However, reduction targets missing and collection targets delayed, campaigners warn
FOR IMMEDIATE RELEASE: Brussels, 19/12/2018
After months of intense negotiations, the EU has agreed much-anticipated laws to slash single-use plastics in the EU. The agreed text is a significant step forward in tackling plastic pollution, but does not fully address the urgency of the plastics crisis, according to Rethink Plastic and Break Free From Plastic.
“The EU deserves praise for being the first region to introduce new laws to reduce single-use plastics and slash plastic pollution in our fields, rivers and oceans. What’s less laudable is that the plastics lobby – backed up by some governments – was able to delay and weaken the ambition,” said Meadhbh Bolger, resource justice campaigner at Friends of the Earth Europe on behalf of Rethink Plastic. “Citizens across Europe want to see an end to our throwaway culture and politicians have taken the first step. The time is ripe for Europe to transition away from single-use plastics to reusables.”
The final measures adopted  include:
Bans on several single-use plastic items including plates, cutlery and expanded polystyrene food containers and beverage cups
Ensuring manufacturers pay for waste management and clean-up of several single-use plastic items, including cigarette butts and fishing gear
However, the agreement falls short of what is needed to fully tackle the plastics crisis in key areas including:
No binding EU-wide target to reduce the consumption of food containers and cups, and no obligation for EU countries to adopt targets
A delay of four years on ensuring 90% of plastic bottles are collected separately – from 2025 to 2029
“The new laws are a significant first blow to the plastic pollution monster” said Delphine Lévi Alvarès, European Coordinator of the Break Free From Plastic movement. “However, their impact depends on the implementation by our national governments who must immediately adopt ambitious targets to cut single-use plastics, and ensure producers pay for their pollution. The public call to stop plastic pollution is loud and strong, it is unacceptable to ignore it.”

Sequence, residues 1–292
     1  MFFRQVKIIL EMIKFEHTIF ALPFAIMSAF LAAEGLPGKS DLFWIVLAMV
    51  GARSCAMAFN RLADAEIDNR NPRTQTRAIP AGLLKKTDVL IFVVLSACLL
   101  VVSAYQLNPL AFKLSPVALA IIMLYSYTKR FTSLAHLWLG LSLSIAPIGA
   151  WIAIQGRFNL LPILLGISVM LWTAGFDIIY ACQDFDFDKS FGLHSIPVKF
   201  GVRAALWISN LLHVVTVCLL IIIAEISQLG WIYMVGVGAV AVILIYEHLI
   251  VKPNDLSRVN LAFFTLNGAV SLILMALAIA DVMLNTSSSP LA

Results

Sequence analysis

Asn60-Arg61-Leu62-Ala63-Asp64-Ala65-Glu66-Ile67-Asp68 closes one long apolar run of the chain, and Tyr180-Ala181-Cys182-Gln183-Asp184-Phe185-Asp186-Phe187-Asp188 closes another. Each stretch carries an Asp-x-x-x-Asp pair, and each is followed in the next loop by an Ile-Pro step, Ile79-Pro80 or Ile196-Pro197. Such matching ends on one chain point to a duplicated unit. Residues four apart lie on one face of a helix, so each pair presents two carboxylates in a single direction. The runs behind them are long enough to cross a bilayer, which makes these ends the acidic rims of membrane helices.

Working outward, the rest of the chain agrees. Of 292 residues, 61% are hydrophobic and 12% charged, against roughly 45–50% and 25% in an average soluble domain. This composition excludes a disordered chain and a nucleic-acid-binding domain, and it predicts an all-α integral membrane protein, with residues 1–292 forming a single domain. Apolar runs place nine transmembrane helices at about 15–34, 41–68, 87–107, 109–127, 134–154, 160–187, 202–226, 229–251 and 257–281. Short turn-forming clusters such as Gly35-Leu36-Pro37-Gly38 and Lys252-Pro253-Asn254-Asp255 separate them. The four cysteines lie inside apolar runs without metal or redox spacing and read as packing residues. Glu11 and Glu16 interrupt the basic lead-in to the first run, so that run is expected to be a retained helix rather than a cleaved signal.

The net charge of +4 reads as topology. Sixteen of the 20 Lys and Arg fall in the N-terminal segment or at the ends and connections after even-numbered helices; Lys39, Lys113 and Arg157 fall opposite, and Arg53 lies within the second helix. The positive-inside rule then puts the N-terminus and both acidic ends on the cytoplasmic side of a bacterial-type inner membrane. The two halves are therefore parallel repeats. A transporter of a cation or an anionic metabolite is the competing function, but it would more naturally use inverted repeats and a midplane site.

Tomorrow, December 20, national Environment Ministers are expected to sign off on the agreed Directive. Member States will have two years to transpose it into national laws, which should come into force at the beginning of 2021 at the latest.
A EU-wide ban of single-use plastic cotton buds, straws, plates, cutlery, beverage stirrers, balloon sticks, oxo-degradable plastics, and expanded polystyrene food containers and beverage cups
Extended Producer Responsibility schemes meaning manufacturers (including big tobacco companies and top polluters from the packaging industry like Coca Cola, Pepsico and Nestle) pay for the costs of waste management, clean up and awareness-raising measures for certain single-use plastics including plastic cigarette filters – the most littered item in Europe (by January 2023 for most items)
A possibility for EU countries to adopt market restrictions for food containers and cups for beverages
An obligation for EU countries to reduce post-consumption waste from tobacco product filters containing plastic
For fishing gear, an Extended Producer Responsibility scheme and a requirement for Member States to monitor collection rates and set national collection targets
Ensure all beverage bottles are produced from 30% recycled content by 2030
Labelling on the presence of plastics in a product and resulting environmental impacts of littering, and on the appropriate waste disposal options for that product
What’s not so good:
No binding EU-wide target to reduce the consumption of food containers and cups, and no obligation for EU countries to adopt targets either; instead, countries must “significantly reduce” their consumption, leaving it vague and open
A delay of 4 years in achieving the 90% collection target of beverage containers, from 2025 to 2029, with an intermediary target of 77% by 2025
Allowing for EU countries to choose to achieve consumption reduction and certain EPR measures through voluntary agreements between industry and authorities
A 3 year delay to make sure plastic drinks containers have their caps/lids attached to the containers – from 2021 to 2024
These measures apply to all single-use plastics listed in the Directive’s Annexes including bio-based and biodegradable plastics.
SumOfUs, Global2000 and #aufstehn demand EU plastics directive not be weakened at the last moment